Financial Troubles, Family Life and Forced Marriage

Families’ living conditions within the refugee households depend obviously on the resources they have. Majd explains,

the women who are living in houses are in a better situation than those living in settlements. Still, often two families are sharing one apartment in order to be able to pay the rent. At the moment, refugees even need to pay for the tents in a tented settlement. The tents cost about 100 Dollar per month- if they live in houses it is even more. In addition to that, they then need to calculate the water and electricity bills, eventually medicine, and food for a five person household.’

Another concern for families is the schooling of their children. Many Syrian children do not attend school as a result of the war, with the risk now being that a whole generation will grow up without even basic education. One of the worries around this for many families is the potential that such a lack of opportunity creates for religious and political radicalisation. Using international aid, many Lebanese public schools have been refurbished and renovated over the past years and are running second or even third shifts for children to attend. These are not consistent – sometimes the Lebanese curriculum is taught, sometimes the Syrian curriculum. Yet even the minimal fees of these schools are an obstacle to many families placing their children in the classes, as are the expenses of and access to transportation to get them there.

For those women who can afford to get their children into higher education, the question is what will happen next. A combination of legal insecurity and poverty increased the risk that women will experience sexual violence or forced marriage. On top of that, rumours of ‘disappeared’ women around the settlements curb the freedom of movement of young women. Even though over the past years only one case of a woman going missing in Lebanon’s north could be confirmed, the fear that this threat creates is enough to keep parents from having their daughters participate in schooling or other educational activities, even where available.

Some women are pushed to marry - either by these circumstances or by their parents - in order to get out of this miserable situation. Without proper papers, they can only get married in front of a Sheikh; their inability to officially register the marriage means it does not have any legal recognition and therefore no protection for the woman. To marry is often not felt to be a desirable choice for women themselves, but they feel compelled to give in to men’s demands. As Majd Chourbaji explains, ‘some women get married to Lebanese or Syrian men so that they take care of them. But some get divorced after 20 days and the men will marry another, which is a form of hidden prostitution.’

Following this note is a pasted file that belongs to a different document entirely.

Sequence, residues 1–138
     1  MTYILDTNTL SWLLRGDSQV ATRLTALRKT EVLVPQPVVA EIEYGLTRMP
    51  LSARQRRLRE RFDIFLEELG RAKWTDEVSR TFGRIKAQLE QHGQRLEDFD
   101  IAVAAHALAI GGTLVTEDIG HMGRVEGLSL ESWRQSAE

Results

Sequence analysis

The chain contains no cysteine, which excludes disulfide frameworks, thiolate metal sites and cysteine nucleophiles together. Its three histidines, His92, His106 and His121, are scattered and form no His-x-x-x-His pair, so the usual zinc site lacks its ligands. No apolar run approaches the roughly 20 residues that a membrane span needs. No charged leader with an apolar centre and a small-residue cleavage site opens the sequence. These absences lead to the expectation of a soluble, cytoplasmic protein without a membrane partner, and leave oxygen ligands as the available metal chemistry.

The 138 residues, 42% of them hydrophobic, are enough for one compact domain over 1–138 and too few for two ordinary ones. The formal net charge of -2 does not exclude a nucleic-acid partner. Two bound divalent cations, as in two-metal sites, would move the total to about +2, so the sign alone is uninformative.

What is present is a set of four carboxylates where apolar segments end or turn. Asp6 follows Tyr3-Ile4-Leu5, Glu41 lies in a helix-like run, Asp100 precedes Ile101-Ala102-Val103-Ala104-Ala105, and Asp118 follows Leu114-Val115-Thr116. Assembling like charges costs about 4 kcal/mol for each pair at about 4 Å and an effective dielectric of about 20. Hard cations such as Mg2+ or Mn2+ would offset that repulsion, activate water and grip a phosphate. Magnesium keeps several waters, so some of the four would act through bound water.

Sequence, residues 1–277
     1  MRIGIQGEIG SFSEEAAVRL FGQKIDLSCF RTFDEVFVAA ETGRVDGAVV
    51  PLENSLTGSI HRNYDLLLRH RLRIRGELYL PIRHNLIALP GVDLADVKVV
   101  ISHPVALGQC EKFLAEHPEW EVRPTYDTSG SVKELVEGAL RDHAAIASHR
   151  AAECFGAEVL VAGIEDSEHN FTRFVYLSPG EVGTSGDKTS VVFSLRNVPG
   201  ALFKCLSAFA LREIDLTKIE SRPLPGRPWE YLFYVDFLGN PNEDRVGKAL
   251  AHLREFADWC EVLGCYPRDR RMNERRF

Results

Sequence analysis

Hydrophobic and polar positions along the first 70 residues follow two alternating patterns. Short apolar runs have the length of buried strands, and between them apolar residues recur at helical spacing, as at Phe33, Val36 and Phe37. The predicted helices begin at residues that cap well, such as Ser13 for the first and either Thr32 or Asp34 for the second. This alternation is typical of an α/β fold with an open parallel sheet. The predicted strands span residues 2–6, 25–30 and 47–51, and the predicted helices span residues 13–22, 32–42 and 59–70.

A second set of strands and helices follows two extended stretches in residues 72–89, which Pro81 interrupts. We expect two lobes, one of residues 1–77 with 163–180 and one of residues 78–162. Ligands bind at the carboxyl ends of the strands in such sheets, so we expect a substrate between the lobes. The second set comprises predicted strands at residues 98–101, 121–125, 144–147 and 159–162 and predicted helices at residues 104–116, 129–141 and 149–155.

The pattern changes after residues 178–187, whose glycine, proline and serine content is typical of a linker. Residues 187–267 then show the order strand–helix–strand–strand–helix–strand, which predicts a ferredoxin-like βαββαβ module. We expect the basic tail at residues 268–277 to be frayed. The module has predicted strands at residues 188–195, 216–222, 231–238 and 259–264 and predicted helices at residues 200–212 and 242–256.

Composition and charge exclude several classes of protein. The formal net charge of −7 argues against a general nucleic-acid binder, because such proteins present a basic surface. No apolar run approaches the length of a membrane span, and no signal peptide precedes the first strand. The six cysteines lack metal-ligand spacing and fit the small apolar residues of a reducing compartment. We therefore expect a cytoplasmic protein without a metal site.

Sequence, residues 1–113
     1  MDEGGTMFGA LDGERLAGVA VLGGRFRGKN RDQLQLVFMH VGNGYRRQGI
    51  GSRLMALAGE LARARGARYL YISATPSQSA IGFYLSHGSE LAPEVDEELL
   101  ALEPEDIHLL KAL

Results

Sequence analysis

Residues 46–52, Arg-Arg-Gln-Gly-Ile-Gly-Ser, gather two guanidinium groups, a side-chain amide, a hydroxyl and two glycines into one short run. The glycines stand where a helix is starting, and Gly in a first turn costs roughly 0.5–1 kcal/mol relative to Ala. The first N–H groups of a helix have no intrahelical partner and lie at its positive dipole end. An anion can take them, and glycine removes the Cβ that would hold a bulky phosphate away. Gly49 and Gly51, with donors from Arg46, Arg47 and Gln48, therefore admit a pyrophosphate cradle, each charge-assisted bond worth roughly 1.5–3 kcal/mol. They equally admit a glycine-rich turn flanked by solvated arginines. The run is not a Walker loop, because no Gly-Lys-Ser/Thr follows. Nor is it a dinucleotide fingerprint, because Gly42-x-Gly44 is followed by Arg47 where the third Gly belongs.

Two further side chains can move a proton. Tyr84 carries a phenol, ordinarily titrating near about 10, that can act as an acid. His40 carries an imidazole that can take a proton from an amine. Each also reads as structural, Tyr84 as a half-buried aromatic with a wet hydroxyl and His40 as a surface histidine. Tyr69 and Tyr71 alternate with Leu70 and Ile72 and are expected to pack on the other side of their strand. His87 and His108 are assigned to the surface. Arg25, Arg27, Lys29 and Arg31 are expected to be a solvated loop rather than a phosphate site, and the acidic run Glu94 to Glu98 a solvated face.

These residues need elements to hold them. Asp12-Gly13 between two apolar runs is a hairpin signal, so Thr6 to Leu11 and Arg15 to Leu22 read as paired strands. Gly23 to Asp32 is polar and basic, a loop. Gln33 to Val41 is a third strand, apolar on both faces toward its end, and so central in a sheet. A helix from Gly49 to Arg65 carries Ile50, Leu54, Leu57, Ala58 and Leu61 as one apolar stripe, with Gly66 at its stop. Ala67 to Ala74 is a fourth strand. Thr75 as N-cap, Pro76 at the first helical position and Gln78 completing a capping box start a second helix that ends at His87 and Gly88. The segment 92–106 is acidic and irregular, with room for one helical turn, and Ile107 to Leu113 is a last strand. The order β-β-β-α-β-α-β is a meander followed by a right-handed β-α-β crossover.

Majd also highlights the problem of child marriage. According to Lebanese law, 12 years is the minimum age for a girl to marry. Child marriages were not uncommon in Syria, especially in the rural areas. Yet now it is rather the vulnerability of families in exile than customary practice that leads to these arrangements. There are also cases of forced marriage, with fathers marrying off their daughters for money. Majd states

‘there was a case of a 19-year-old girl and her father married her to a 50-year-old guy from Aleppo. The father took 1000 Dollar, so he was just selling his daughter to the guy. Of course they haven’t registered officially their marriage. After a month, she couldn’t respond to his sexual demands and she wanted to get divorced and got divorced, all unofficially. All this explains why people here are taking the risk to cross the Mediterranean hoping for a better life. They cannot afford the life here anymore. People are borrowing 2000 Dollar to make this trip possible.’